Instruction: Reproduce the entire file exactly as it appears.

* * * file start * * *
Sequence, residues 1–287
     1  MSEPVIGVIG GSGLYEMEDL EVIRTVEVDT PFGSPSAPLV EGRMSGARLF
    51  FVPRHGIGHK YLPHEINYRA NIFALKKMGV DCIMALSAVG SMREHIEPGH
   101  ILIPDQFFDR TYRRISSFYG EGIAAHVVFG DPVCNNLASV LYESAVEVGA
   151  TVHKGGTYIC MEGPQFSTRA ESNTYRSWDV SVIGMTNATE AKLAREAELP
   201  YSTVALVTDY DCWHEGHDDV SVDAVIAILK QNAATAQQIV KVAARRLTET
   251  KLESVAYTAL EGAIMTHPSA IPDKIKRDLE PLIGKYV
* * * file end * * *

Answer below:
Sequence, residues 1–287
     1  MSEPVIGVIG GSGLYEMEDL EVIRTVEVDT PFGSPSAPLV EGRMSGARLF
    51  FVPRHGIGHK YLPHEINYRA NIFALKKMGV DCIMALSAVG SMREHIEPGH
   101  ILIPDQFFDR TYRRISSFYG EGIAAHVVFG DPVCNNLASV LYESAVEVGA
   151  TVHKGGTYIC MEGPQFSTRA ESNTYRSWDV SVIGMTNATE AKLAREAELP
   201  YSTVALVTDY DCWHEGHDDV SVDAVIAILK QNAATAQQIV KVAARRLTET
   251  KLESVAYTAL EGAIMTHPSA IPDKIKRDLE PLIGKYV